The violence that is present on YouTube (fighting/bullying videos), when it hits mainstream media becomes a serious story. When the videos deal with serious issues such as murder then there becomes an obscure line between the prosecutions of the person who committed the murder. This is due to the influence the media has on people that cause bias and possible agendas of the people that watch – if the trial doesn’t convict then the public would take it into their own hand and condemn the person involved. This is highlighted most recently by the Boston Bombings and the use of 4chan/Reddit being a minute-by-minute description of what is happening but also with all of the footage taken by cameras there will be the civilian involvement where the ordinary person gets involved with something they shouldn’t. Convergence of media has faded the line in which people separate police work and civilian involvement (Swienton, AR 2012)

The uploading of content for YouTube and other social networks creates an online attraction that can – if successful, by having a significant amount of visitors, lead to a paid employment opportunity. Through three steps of Production, Sharing and Transfer people can utilize the creation of social media paid employment. Convergence has opened up the doors for people to produce and consume what they want – a participatory culture, where people can go one step further and create their own work and re-create other people’s work. Taking the audience from consumers to prosumers – production and consumers combined. This result from convergence creates communities and jobs that emphasize what the internet and social media is about (Park, J 2010).

The impersonal approach social media has to offer restricts aspects of running a business that caters to customer service and satisfaction. There is also the topic of workflow in the workforce, when does being on social media change from work related to personal. It is quite contrary to think that there are no aspects of business that doesn’t rely on social media, because social media is the best way to be noticed. This emphasizes the point that the internet and social media has impacted everyday life in ways where we can’t go back to how it was before (Veenswyk, M 2013).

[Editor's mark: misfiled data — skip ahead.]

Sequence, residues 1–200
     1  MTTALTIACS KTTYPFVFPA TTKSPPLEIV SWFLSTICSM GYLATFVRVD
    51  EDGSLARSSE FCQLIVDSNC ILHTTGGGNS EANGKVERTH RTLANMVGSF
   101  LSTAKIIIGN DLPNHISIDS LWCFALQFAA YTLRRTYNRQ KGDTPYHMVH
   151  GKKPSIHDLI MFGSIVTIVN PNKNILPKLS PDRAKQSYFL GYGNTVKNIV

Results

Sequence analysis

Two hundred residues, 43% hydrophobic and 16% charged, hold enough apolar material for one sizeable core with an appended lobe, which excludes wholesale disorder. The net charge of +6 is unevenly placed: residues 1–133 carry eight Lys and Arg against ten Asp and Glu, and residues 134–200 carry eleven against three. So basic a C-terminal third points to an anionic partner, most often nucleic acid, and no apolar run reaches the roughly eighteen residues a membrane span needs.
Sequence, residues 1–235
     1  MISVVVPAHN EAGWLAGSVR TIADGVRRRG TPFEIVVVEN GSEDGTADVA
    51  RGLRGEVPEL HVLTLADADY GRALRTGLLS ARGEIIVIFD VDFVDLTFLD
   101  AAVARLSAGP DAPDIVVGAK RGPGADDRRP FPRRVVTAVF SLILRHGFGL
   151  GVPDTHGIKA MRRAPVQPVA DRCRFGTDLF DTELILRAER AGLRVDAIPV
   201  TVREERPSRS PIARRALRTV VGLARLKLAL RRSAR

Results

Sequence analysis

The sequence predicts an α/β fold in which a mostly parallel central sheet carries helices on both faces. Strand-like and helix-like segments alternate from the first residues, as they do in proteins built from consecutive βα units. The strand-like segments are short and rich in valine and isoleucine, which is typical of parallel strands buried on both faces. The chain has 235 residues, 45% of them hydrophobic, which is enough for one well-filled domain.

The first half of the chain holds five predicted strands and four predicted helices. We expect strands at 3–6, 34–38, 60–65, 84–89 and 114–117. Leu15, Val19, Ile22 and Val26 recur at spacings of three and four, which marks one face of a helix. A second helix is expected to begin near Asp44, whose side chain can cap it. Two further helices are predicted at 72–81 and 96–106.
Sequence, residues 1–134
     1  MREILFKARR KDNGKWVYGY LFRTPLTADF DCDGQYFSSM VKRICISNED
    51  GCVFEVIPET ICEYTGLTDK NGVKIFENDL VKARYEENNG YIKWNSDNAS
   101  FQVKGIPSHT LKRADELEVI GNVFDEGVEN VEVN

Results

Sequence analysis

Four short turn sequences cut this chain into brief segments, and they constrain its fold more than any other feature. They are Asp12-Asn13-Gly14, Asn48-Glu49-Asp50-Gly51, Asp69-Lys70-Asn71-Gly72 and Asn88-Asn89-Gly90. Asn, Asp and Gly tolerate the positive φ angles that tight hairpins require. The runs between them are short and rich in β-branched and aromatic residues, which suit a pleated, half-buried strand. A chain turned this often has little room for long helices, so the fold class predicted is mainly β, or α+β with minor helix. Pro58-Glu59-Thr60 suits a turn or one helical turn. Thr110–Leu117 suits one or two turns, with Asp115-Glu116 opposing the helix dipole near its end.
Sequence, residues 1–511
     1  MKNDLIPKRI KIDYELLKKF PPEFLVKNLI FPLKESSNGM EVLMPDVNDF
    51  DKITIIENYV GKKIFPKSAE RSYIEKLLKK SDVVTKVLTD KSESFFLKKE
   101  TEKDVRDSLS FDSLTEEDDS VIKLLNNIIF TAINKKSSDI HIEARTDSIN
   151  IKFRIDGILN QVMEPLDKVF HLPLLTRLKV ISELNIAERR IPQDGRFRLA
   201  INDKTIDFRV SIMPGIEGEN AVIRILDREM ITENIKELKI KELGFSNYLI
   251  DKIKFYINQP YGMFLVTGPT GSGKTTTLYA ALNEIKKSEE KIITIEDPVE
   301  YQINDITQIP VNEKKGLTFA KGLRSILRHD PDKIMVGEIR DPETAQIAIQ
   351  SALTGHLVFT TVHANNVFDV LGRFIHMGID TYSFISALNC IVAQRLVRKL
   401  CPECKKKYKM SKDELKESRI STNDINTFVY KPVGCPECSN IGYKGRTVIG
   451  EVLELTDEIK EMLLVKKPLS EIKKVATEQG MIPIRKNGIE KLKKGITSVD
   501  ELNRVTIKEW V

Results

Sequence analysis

Convergence does affect the relationship between the audience and media technology in both positive and negative ways. Through the introduction of convergence on media platforms the audience has a larger opportunity to create and share their own creations while at any time being a part of something bigger than just them-self – such as a community from YouTube. Convergence does impact on the communication that once was from face-to-face to computer-mediated communication, creating the troll and flaming of users, or seen as a way to vent because of a lack of face-to-face interaction. The audience is free to do what they want, free from oppression and has become more than just having a national identity but a global identity.

References:

Conley, B 2013,’Devono says YouTube case under review’, Tribune Business News, 24January

Coleman, EG 2012,’Ethnographic Approaches to Digital Media’, Annual Review of Anthropology, vol. 39, pp. 487-505

Croteau, D 2007,’The Growth of Self-Produced Media Content and the Challenge to Media Studies’, Critical Studies in Media Communication, vol. 23, no.4, pp. 340-344

Derks, D Fischer, AH and Bos, AER 2008, ‘the role of emotion in computer-mediated communication: A review’, Computers in Human Behaviour, vol. 26, pp. 766-785

Jenkins, H 2006, Welcome to Convergent Culture http://henryjenkins.org/2006/06/welcome_to_convergence_culture.html  June 19th 2006, accessed June 6th 2013

Moor, PJ Heuvelman, A and Verleur, R 2010,’ Flaming on YouTube’, Computers in Human Behaviour, vol. 26, no. 6, pp 1536-1546

O’Neill, M 2010,’5 Ways YouTube has Changed the World forever’, Social Times, review, 8 November, viewed 1 May 2013

Park, J and Van Der Schaar, M 2012,’A Game Theoretic Analysis of Incentives in Content Production and Sharing Over Peer-to-Peer Networks’, IEEE Journal of Selected Topics in Signal Processing, vol. 4, no. 4 pp. 704-717

Swienton, AR and Upshaw-Downs, JC 2012,’Ethics in Media’, in Swienton, AR and Upshaw-Downs, JC (ed.), Ethics in forensic Science, Elsevier, USA, pp. 425 – 440

Veenswyk, M 2013,’Social Media: the workflow challenge’, Digital Marketing Blog, weblog post, 13 March, viewed 1 May 2013, econsultancy.com/au/blog/62204-social-media-the-workflow-challenge

Sensitivity and Memes in the Public Sphere!

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Warning: May contain Offensive Material!

When there is a topic that needs to be talked about, where do you go? To the ‘Public Sphere’ – an area, such as a coffee house, for discussion about controversial issues, news or debates. The idea of a Public Sphere gives people the opportunity to converse in a social setting, face-to-face about topics discussed  in media, this has changed to due to the introduction of the internet.